If one party fails to respond properly to a questionnaire, the other party can then prepare a “schedule of deficiencies” – which is essentially a further copy of the questionnaire, amended to highlight all of the areas in which the replies provided are unsatisfactory; replies must then be given to the schedule.

Form’s E, replies to questionnaire and replies to any schedule of deficiencies are all formal documents which will be filed at court throughout the proceedings. The court will therefore be aware if one party is having to pursue the other constantly for basic disclosure which should have been provided at the outset of proceedings.

If one party is persistent in their failure to provide disclosure, the other party can make an application for a penal notice – whereby a specific order is made confirming that, if their spouse does not provide the outstanding disclosure imminently, they will be held in contempt of court (in which case they can be fined, ordered to carry out community service or even committed to prison). If one party is successful in applying for a penal notice, they are usually able to recover the costs incurred in making that application from the other party.

Thankfully it is not particularly common for family lawyers to need to apply for penal notices within proceedings; and when it is necessary, the penal notice is usually a successful in terms of finally prompting disclosure from the non-compliant party – so whilst of course contempt of court is a serious offence, penal notices in family proceedings are usually largely a deterrent as opposed to a mechanism for imposing punishment. However, if non-disclosure is a persistent problem following the making of a penal notice, the court will imprison the offending party if necessary.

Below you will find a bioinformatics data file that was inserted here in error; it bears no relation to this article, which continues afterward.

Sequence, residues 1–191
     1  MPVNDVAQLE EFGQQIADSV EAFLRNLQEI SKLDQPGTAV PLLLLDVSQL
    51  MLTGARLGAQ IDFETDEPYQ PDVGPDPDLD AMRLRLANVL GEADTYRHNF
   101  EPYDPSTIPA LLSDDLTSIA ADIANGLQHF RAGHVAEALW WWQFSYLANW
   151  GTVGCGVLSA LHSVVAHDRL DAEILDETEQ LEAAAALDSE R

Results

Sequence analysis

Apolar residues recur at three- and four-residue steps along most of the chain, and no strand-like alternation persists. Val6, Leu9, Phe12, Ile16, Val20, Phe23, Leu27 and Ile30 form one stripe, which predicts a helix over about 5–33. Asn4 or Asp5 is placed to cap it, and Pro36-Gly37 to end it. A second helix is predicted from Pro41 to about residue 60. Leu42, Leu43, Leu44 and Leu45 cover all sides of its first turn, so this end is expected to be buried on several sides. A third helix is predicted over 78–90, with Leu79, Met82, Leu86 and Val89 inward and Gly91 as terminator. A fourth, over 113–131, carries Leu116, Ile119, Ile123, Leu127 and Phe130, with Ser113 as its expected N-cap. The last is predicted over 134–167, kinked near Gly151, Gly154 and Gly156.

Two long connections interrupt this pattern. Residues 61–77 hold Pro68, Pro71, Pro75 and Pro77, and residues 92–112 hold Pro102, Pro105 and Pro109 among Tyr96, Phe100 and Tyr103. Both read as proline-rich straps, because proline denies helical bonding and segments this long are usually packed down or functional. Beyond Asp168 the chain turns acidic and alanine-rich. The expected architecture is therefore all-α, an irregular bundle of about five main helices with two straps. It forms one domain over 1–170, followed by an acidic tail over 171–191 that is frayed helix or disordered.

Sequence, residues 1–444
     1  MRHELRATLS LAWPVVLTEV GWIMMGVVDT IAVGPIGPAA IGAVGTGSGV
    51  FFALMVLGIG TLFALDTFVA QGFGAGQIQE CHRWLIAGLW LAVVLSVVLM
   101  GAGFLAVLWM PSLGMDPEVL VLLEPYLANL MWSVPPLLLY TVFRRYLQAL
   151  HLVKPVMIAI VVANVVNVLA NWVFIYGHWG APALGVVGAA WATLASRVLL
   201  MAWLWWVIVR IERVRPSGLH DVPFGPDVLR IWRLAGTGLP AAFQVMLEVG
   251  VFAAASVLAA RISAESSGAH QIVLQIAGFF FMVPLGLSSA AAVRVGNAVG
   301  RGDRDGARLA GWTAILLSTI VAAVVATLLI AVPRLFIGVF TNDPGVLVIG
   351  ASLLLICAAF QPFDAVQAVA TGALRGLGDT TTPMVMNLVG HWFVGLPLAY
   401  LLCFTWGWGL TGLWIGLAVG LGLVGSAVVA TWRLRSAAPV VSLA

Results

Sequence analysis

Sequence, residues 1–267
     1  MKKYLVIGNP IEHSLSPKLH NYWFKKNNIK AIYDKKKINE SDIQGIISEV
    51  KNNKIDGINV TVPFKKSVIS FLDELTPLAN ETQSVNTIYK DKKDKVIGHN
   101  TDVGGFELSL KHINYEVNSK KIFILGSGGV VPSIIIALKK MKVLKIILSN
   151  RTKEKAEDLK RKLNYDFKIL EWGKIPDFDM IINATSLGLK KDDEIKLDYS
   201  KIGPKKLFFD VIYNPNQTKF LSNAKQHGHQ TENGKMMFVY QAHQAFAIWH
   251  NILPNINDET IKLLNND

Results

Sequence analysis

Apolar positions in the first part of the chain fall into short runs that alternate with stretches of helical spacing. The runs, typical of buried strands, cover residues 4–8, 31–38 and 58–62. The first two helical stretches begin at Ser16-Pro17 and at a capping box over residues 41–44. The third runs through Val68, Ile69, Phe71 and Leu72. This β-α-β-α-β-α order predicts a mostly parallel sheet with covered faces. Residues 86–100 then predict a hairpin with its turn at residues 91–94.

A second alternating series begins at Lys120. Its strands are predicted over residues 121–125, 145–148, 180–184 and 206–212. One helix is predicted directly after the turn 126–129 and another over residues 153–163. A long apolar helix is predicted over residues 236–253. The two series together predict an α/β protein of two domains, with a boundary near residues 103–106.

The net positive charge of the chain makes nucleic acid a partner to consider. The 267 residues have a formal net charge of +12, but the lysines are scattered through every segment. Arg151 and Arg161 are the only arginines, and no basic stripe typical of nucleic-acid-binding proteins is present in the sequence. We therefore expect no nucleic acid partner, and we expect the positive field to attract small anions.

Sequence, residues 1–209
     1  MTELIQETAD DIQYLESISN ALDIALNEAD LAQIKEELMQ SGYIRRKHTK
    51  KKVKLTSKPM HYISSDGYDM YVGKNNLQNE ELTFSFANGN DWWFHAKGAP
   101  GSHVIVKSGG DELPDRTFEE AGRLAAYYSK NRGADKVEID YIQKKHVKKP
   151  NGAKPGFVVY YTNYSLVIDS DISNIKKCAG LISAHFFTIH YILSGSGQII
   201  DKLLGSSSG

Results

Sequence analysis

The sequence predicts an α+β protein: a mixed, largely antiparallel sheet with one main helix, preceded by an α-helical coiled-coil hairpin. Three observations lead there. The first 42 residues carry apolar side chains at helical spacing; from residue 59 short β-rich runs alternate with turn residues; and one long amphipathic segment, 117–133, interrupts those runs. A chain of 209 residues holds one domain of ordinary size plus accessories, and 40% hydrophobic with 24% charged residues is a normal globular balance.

Indeed, there have been high profile divorce cases in which prison sentences have been handed down for one party’s failure to provide disclosure, perhaps most famously in the divorce of Scot and Michelle Young. The former spouses attracted media attention following a lengthy and acrimonious court battle - Scot was a billionaire property entrepreneur who doggedly refused to provide disclosure or comply with the court process. He was sentenced to 6 months imprisonment as a result.

A party who does not provide full and frank financial disclosure is opening themselves up to punishment, potentially in the form of costs orders or the enforcement of a penal notice. If one party is penalised in proceedings for not having been transparent, their credibility will inevitably be harmed – which may have a knock-on effect in terms of the final settlement. From a judge’s perspective, it is possible to draw adverse inferences from a repeat lack of disclosure; because if one party is persistently hiding assets, the presumption can reasonably be that they are doing so for their own benefit.

Ultimately a failure to provide transparent disclosure can result in proceedings becoming far more acrimonious and costly than is otherwise necessary. It is far better to provide honest financial information, and to focus on legitimately reducing the quantum of the asset base (for example, by ensuring that tax liabilities are accurately calculated and factored into the asset pot).